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Canada uses 120V, 60Hz with sockets and plugs Type A and Type B.
The languages that are typically spoken are English and French
Canada uses the Canadian dollar (symbol: $), code CAD.Banknotes come in denominations of 100, 50, 20, 10 and 5 dollars. Dollar is subdivided into 100 cents. Coins come in denominations of 2 and 1 dollars and 50, 25, 10 and 5 cents.
Automatic teller machines are everywhere in Canada. Pretty much anywhere you look there will be an ATM. Canada has one of the highest ATM densities in the world.You do not need a chip & PIN card to use an ATM — your standard magnetic card will work fine.
Internet speed in Canada is on average 13.1 Mbps. WiFi coverage in Canada is very high. Most hotels, hostels, cafes, restaurants and bars have it.
You can buy a SIM card for about C$53.48, which includes 5 GB of data plan. You can choose from 4 telecoms: Bell Wireless, Rogers Wireless, Telus or Wind. Canada uses GSM mobile networks GSM 850 and GSM 1900. If you don't want to buy SIM card in Canada upon arrival, make sure to check the roaming charges with your telecom provider before your departure so there are no surprises when you return home.
To call Canada, dial +, then 1 (the country code for Canada), then the area code (without the initial 1) and the local number. For local calls within Canada, start with the area code (with the initial 1). In the case above area code is 204 .
In Canada you drive on the right side. Most cars have automatic transmission. Unless otherwise posted, the speed limits for cars and motorcycles are as follows: 30-80 km/h (18-49 mph) in all built-up areas, 60-100 km/h (37-62 mph) on undivided highways, 70-120 km/h (43-74 mph) on motorways and 70-120 km/h (43-74 mph) on expressways.
Import and export information
Tobacco:200 grams of manufactured tobacco; and
Tobacco:200 tobacco sticks.
Alcohol:Any amount up to CAD$10,000 (or foreign equivalent) can be freely imported or exported. Travellers must report anything over this amount to the Canada Border Services Agency (CBSA) when they arrive or leave. For further information on this recommendation, please visit the CBSATravelling with CAN$10,000 or more.
Currency:Any amount up to CAD$10,000 (or foreign equivalent) can be freely imported or exported. Travellers must report anything over this amount to the Canada Border Services Agency (CBSA) when they arrive or leave. For further information on this recommendation, please visit the CBSATravelling with CAN$10,000 or more.
Other items:Travellers may bring 'personal baggage' for their own use. This includes clothing, camping and sport goods, cameras and computers. These must leave Canada when the traveller leaves.
Other items:Gifts can be imported if each gift is valued at CAD$60 or less. Alcoholic beverages, tobacco products, or commercial goods may not be claimed as gifts.
Other items:Seeing-eye dogs are allowed into Canada without restrictions.
Other items:For further information on the above, please visitVisitors to Canada.
Goods with a misleading country of origin.
White phosphorus matches.
Firearms and weapons must be declared, and require permits. For further information, please visit the CBSAImport and Export a Firearm or Weapon into Canada.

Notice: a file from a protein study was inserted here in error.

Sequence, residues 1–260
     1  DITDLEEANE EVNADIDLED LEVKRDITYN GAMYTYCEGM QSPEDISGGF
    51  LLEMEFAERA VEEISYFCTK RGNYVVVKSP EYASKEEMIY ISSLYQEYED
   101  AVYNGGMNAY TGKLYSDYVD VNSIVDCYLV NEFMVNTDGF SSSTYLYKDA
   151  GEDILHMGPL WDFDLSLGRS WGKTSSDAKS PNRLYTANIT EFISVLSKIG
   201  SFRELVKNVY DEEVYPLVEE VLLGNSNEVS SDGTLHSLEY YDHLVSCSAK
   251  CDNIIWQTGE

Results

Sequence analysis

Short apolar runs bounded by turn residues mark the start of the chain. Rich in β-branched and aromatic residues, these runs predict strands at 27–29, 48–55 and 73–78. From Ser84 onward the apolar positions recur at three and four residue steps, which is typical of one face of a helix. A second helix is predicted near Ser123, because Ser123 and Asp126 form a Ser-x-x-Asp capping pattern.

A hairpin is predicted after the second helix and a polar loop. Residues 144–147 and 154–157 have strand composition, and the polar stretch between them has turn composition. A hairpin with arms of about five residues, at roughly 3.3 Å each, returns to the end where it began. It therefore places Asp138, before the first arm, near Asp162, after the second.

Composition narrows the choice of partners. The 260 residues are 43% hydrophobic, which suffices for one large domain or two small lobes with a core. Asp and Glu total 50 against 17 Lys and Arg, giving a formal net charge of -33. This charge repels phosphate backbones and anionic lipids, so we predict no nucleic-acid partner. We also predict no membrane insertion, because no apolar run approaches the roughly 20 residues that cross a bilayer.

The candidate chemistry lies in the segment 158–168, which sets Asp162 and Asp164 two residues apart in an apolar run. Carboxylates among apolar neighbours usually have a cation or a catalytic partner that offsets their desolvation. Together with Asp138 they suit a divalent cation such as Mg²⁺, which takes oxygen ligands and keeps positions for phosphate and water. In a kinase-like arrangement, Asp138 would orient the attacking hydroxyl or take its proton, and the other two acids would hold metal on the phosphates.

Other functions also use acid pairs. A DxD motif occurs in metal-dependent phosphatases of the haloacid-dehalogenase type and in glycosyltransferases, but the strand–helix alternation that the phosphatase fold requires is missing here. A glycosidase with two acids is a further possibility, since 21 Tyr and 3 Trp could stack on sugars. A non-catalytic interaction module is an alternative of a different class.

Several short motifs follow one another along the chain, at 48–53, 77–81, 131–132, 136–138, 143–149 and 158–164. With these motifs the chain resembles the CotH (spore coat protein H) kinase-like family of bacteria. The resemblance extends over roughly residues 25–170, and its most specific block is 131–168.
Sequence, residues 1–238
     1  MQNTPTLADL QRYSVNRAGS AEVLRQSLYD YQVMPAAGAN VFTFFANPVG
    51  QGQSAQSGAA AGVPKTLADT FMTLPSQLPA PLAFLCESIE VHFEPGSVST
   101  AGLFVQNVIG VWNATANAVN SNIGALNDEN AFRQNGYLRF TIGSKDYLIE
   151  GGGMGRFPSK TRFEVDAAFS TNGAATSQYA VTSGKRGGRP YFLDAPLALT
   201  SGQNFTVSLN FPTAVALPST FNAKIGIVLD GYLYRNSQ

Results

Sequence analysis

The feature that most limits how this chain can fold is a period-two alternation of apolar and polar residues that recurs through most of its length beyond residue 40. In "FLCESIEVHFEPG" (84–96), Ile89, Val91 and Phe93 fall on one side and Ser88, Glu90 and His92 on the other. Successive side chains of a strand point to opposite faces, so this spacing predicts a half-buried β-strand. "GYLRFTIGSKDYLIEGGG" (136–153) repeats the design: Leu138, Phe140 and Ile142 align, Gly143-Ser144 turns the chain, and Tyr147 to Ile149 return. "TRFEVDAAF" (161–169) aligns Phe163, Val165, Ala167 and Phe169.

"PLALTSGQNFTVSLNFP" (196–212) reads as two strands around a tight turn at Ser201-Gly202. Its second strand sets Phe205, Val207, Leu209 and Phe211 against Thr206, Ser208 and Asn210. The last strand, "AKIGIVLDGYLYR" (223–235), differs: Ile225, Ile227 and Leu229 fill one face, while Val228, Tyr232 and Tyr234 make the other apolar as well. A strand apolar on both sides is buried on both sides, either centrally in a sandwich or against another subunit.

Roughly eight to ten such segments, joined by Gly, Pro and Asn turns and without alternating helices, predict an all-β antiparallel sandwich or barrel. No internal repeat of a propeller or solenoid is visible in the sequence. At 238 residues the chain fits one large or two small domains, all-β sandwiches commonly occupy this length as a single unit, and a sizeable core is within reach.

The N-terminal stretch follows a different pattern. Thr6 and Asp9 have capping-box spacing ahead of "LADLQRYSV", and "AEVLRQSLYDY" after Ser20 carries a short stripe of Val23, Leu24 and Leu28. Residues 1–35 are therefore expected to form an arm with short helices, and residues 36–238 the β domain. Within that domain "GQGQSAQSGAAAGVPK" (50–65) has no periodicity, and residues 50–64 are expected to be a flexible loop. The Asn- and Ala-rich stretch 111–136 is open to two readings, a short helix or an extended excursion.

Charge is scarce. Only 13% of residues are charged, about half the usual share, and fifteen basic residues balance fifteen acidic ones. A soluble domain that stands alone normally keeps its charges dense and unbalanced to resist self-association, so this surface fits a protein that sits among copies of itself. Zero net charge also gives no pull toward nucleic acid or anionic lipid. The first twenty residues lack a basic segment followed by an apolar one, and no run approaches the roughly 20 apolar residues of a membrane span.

Explosives and fireworks must be declared, and require permits. For further information, please visit the CBSAAdministration of the Explosives Act.
Vehicles are subject to importation requirements. For further information, please visit the CBSAImportation of Vehicles.
Used or second-hand mattresses are prohibited unless they have a certificate verifying that they have been cleaned and fumigated. For further information, please visit the CBSAUsed or Second-Hand Mattresses and Materials Therefrom.
Certain antiquities considered to have historical significance to their country of origin require export permits. For further information, please visit Import of Cultural Property.
Clothing, handbags, and textiles may require import permits. For further information, please visit Global Affairs CanadaExport and Import Controls.
Certain health products, such as prescription drugs, may be subject to restriction. For further information, please visit Health CanadaImport Requirements for Health Products.
Food, plant, and animal products must be declared. For further information, please visit theCanadian Food Inspection Agency.
Endangered species of plants and animals require import permits. For further information, please visit Environment and Climate Change CanadaConvention on International Trade in Endangered Species of Wild Fauna and Flora.
All pets are subject to importation requirements, and some are prohibited. For further information, please visit the Canadian Food Inspection AgencyImporting or Travelling with Pets.
Radio communication equipment may require authorisation fromIndustry Canada.
It is recommended that travellers are up to date on routine vaccinations including measles-mumps-rubella (MMR), diphtheria-pertussis-tetanus (DPT), varicella (chickenpox), polio, and yearly flu shots.
As hepatitis A outbreaks occur throughout the world and sometimes in countries with a low risk for hepatitis A, travellers should consult with their doctor prior to travel to see if the hepatitis A vaccine is necessary.
A hepatitis B vaccination is recommended for those who may have sexual contact with a new partner, who may get a tattoo or piercing, or have any medical procedures.
A rabies vaccination is recommended for those planning an outdoor holiday, for wildlife professionals and researchers, or for those who may come into contact with bats.